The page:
Many institutions have Linnaean material available online. Here are some useful links:
Carl Linnaeus's printed books
The Linnean Society of London has digitised 197 titles from Linnaeus's personal library, through the generous support of the Andrew W. Mellon Foundation, which are freely available online. They include books that Linnaeus used as reference material; all theses of his students that he supervised; and Linnaeus' personal copies of his own works, spanning from 1735 to 1776, many of them interleaved and copiously annotated in his own hand.
The Hunt Institute also provides access to two Linnaeus-related databases: "Index to Binomials Cited in the First Edition of Linnaeus' Species Plantarum" and "Index to Scientific Names of Organisms Cited in the Linnaean Dissertations".
Uppsala University Library has the Hammarby Collection, consisting of works that belonged to Linnaeus's own library. These books, mainly about medicine, were part of the collections that were sold by Linnaeus's widow to The Linnean Society of London, but they were later returned to Sweden at the end of the 19th century on the grounds that they did not fit in subject-wise.
Digitised Linnaean titles can also be found in the Staatsbibliothek's database of 18th-century printed books of German-speaking countries, VD18.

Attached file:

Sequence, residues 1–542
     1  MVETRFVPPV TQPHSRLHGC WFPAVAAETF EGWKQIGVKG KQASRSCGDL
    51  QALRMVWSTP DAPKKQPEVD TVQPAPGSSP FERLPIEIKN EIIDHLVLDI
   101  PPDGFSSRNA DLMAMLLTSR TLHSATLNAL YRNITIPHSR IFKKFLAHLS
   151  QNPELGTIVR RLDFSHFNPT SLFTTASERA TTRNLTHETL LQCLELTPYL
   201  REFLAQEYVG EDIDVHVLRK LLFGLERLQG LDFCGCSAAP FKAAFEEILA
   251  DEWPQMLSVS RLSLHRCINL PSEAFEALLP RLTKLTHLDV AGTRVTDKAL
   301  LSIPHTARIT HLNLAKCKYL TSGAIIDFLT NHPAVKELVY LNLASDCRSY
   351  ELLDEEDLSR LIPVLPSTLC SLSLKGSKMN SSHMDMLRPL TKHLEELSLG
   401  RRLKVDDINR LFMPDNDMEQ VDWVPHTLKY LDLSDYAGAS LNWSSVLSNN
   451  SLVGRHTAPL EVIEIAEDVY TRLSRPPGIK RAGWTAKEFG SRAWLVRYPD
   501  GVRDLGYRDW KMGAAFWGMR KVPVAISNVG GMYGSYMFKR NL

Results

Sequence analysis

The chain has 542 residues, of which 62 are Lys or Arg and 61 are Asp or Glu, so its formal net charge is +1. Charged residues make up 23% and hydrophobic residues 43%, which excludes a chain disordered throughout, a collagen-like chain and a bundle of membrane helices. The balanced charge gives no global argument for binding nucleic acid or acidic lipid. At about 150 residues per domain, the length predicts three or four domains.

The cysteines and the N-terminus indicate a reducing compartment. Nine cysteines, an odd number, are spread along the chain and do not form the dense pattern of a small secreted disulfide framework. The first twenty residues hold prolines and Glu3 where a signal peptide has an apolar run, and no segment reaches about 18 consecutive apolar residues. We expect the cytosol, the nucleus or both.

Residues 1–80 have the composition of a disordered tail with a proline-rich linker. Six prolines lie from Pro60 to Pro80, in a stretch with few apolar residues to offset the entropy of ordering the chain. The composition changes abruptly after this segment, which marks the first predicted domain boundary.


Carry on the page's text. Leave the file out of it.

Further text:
Carl Linnaeus's correspondence
The Linnaean Correspondence Project publishes the complete text of the letters sent and received by Carl Linnaeus, together with summaries in English. Facsimiles of the original manuscripts and of selected printed editions are provided.The texts, summaries and facsimiles are linked to a master database of the correspondence and to files providing biographical and bibliographical information on the correspondents and their works. The texts and the summaries are searchable, as is the database.
The Linnean Society of London's Linnaean Correspondence Collection can also be searched online.
Carl Linnaeus's manuscripts
The Linnean Society has catalogued and digitised its Linnaean Manuscripts Collection, which is closely related to the Linnaean Collection of botanical and zoological specimens. The manuscripts are the basis for Linnaeus's published works and the foundation of modern taxonomy. They can be searched by author, title, or date.
Carl Linnaeus's specimens
The Swedish Museum of Natural History holds Linnaean specimens, including herbarium sheets, as well as zoological specimens.